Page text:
Some 40 years ago, the first publications appeared on the use of computer-aided mathematics to analyze chemical data. With those publications, the modern field of chemometrics was launched. Both the speed and power of computers and the sophistication of analytical instrumentation have made great leaps in the intervening time. The ready availability of chemometric software, coupled with the increasing need for rigorous, systematic examination of ever-larger and more sophisticated sets of measurements from instrumentation, have generated strong interest in reliable methods for converting the mountains of measurements into more manageable piles of results, and for converting those results into nuggets of useful information. Interest in applications of chemometrics has spread well beyond chemists with a need to understand and interpret their measurements; now chemometrics is helping to make important contributions in process engineering, systems biology, environmental science, and other disciplines that rely on chemical instrumentation.
As applications of chemometrics continue to grow, so too does the methodology of chemometrics itself. At 40, chemometrics is a scientific field with many mature areas, but it is also a field where change continues to occur at a rapid pace, driven both by advances in chemical instrumentation and measurement and by close connection of chemometrics with the machine learning, statistics, and signal processing research communities. The interfacial location of chemometrics, falling between measurements on the one side and statistical and computational theory and methods on the other, poses a challenge to the new practitioner: gaining sufficient breadth and depth to use chemometrics effectively.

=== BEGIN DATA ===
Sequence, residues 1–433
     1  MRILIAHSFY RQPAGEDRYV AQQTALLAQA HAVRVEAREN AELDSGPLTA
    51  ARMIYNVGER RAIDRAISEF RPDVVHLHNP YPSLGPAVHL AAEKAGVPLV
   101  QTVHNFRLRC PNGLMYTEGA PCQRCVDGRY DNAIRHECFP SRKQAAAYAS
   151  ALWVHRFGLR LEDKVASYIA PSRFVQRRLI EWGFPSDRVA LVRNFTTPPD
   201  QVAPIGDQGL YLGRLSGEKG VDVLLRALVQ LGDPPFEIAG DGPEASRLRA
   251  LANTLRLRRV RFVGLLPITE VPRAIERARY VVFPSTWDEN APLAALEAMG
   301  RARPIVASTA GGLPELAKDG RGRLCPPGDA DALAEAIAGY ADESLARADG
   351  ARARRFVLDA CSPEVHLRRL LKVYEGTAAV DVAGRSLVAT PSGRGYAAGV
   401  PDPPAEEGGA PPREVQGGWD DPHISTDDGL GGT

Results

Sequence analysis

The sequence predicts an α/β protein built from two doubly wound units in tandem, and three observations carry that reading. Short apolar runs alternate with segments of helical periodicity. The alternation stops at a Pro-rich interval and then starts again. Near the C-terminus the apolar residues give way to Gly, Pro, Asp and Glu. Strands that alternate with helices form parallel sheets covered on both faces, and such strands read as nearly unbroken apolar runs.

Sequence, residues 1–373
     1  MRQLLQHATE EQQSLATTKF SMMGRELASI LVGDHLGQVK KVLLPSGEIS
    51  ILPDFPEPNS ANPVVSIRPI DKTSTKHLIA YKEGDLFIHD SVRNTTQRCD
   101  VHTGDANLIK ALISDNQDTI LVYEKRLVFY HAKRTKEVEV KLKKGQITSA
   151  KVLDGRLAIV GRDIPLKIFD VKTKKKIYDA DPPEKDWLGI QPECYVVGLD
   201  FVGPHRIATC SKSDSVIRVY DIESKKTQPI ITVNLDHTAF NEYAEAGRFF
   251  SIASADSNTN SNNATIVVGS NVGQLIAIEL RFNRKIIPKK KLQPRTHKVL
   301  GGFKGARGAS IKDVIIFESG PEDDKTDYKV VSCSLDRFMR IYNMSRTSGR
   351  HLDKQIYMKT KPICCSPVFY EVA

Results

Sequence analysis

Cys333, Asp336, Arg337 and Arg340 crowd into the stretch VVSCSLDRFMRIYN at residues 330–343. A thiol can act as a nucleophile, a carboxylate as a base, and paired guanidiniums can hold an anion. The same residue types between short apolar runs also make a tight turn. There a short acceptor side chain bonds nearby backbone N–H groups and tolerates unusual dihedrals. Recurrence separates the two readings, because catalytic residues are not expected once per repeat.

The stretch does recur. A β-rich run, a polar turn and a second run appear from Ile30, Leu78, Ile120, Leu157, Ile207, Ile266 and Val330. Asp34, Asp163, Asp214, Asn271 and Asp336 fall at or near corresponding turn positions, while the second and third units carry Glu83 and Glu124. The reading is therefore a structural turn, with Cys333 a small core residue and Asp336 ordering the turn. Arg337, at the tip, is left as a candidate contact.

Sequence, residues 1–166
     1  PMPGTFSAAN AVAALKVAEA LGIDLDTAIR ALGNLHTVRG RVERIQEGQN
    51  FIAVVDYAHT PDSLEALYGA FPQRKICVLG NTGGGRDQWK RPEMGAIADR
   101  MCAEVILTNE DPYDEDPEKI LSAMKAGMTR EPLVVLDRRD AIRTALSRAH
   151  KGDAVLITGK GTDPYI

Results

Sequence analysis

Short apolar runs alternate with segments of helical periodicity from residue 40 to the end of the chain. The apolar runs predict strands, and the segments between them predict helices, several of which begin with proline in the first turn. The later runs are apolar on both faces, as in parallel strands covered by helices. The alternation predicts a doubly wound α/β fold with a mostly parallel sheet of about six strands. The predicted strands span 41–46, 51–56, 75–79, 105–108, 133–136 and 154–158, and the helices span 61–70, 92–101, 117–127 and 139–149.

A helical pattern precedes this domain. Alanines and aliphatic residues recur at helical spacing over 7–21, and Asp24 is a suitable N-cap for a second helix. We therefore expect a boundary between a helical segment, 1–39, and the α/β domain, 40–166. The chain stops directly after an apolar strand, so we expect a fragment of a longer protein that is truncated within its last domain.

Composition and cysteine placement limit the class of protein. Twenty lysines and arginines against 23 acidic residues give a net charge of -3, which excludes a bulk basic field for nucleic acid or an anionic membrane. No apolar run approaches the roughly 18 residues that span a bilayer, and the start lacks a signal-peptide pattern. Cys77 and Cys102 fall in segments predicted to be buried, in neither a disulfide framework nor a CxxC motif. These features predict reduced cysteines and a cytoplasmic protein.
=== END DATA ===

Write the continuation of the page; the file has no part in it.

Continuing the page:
The four volumes of Comprehensive Chemometrics are the result of a meeting in Oxford, England, in September 2005, where the editors planned a work that would cover all of the major areas of chemometric research and offer a wide sample of current applications. Our goal was to produce a reference work which would serve both the new and the experienced practitioner. We divided the coverage of methodology into sections. Those sections are Statistical Preliminaries, edited by L. Sarabia; Experimental Design, edited by R. Phan-Tan-Luu; Optimization Methods, edited by R. Leardi; Data Preprocessing, edited by J. Trygg; Soft Modeling, edited by A. de Juan; Data Mining, edited by D. Coomans; Linear Regression, edited by J. Kalivas; Non-linear Regression, edited by L. Buydens; Classification and Feature Selection, edited by B. Lavine; and Robust Approaches, edited by P. Van Espen. The Editors-in-Chief oversaw a section on applications, where several of the newer directions in chemometrics are explored in depth.
The result of this collaboration is a resource that captures the practice of chemometrics in the early 21st century. The four volumes in this work include ca. 90 chapters, making this the most wide-reaching and detailed overview of the field of chemometrics ever published. Comprehensive Chemometrics offers depth and rigor to the new practitioner entering the field, and breadth and varied perspectives on current literature to more experienced practitioners aiming to expand their horizons. Software and datasets, both of which are especially valuable to those learning the methods, are integrated throughout the chapters. The coverage is not only comprehensive, it is authoritative as well; authors contributing to Comprehensive Chemometrics are among the most distinguished practitioners of the field.